Devising ways around NAIA runway congestion
Ninoy Aquino International Airport

Devising ways around NAIA runway congestion

GOTCHA - Jarius Bondoc (The Philippine Star) - May 3, 2019 - 12:00am

Airlines at Manila International Airport are under the gun. Unsolved runway congestion messes up their flights. But they can’t decry MIA ineptitude outright, lest they be placed on the shit list. Most just grin and bear it. Some bypass procedures, to save money. They come up with technical excuses for flight delays. After all, if due to force majeure, passengers need not be recompensed for cancellations. In the end they cover up the MIA mis-managers. Grateful, the latter in turn ignore the airline’s anomalous shortcuts. Thus are wrongs perpetuated at MIA – until the bubble bursts.

Incompetence is at the root of MIA’s runway congestion. At the edge of one runway is a weeks-long digging that shortened its useable length. Only aircraft with reduced payload – fuel, cargo, passengers – can use it. The only other runway was closed many hours during the Holy Week rush. Overlooked earlier, a rut at the taxiway intersecting it had to be repaired. Compromising safety is the wrecked Xiamen Airline jumbo that had skidded off that runway onto the grass in August. Larger craft are prevented from using the turn ramp. International rules forbid obstructions on or around runways. (At Hong Kong’s Kai Tak Airport in 1993 the tail of a China Airline that had overshot the runway was fuzzing signals from instrument landing systems; at once they dynamited it off.) A further complication: the Xiamen plane has been sealed tight for nine months; if finally opened for salvage, toxins from rotten contents would reek onto surrounding communities.

Clogs at their Manila hub notwithstanding, airlines must meet growth targets. New routes, destinations, and flights needed balancing with the limited runway use. MIA bosses were slow on the uptake. At first they claimed that general aviation was interrupting commercial wide bodies, so forbade small private jets. Then they tried making flights wait at provincial airports until cleared to head to Manila. Effects were minimal. Still planes had to circle MIA or idle at taxiways for hours before allowed to land or take off. Employing guile, pilots of one carrier took to shifting runways to avoid traffic. Ground crew began combining and cancelling delayed flights. Unscheduled flights were created, like colorum jitneys. Most were red-eye runs late nights or wee mornings. Takeoff and landing fees were evaded. The 40-flights-per-hour slotting, carefully planned by an Australian avionics firm at huge cost to the MIA Authority, went haywire. MIA crooks profited, however.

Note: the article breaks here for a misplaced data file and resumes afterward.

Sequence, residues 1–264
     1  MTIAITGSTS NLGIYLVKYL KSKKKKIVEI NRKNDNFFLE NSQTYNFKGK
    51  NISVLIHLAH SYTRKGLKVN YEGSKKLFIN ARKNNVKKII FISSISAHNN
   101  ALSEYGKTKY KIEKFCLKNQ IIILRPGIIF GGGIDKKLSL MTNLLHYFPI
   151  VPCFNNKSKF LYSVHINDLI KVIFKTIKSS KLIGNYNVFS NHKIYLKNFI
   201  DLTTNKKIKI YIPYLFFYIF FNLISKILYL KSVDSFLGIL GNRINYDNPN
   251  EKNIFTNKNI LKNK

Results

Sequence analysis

It was bound to implode. Airlines would have to lessen frequencies, lest their crafty procedural bypasses be exposed. Alibis need to be made while exonerating the MIA mis-managers who vindictively can give them hell. In the end, compliant airlines that do not pay under the table will be forced to give up legitimate slots.

Less flights at MIA would spell less commerce, tourism, and government revenues. But what do the mis-managers care, so long as they keep their sinecures.

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The smart aleck who advises voters to take the money but elect their choices anyway doesn’t know what he’s talking about. A vote-buyer, likely a local contender, is no fool. Allotting P2,000-P5,000 per head, he ascertains that bought votes are cast for him. One way is by having henchmen fill the vote-sellers’ ballots for them. Or, he pays known supporters of rival candidates to stay home and not vote at all.

Voter education is best. Misconceptions need correcting. Like, that the aim in voting is to guess the winners. Or, that it is to rate the most popular from the catchiness and frequency of campaign ads.

From surveys, voters choose who for them is (1) malalapitan or approachable, (2) matulungin or helpful, and (3) mapagbigay or generous, and only incidentally (4) matalino or wise, and (5) malinis or honest. They must be taught to evaluate platforms and discern pretentions.

By selling votes, “voters deprive themselves of government aid in the next three years,” National Police spokesman Col. Bernard Banac remarks. “(Dirty) candidates will no longer need to help you because you’ve been paid. That is the rude awakening in store for the vote-seller.”

Painfully the bribe money comes from taxpayer-voters themselves, Comelec spokesman James Jimenez notes. “No one buys votes expecting it is a lost investment. One who wins out of vote-buying begins to think he can do it again.”

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Catch Sapol radio show, Saturdays, 8-10 a.m., DWIZ (882-AM).

Gotcha archives on Facebook: https://www.facebook.com/pages/Jarius-Bondoc/1376602159218459, or The STAR website https://www.philstar.com/columns/134276/gotcha

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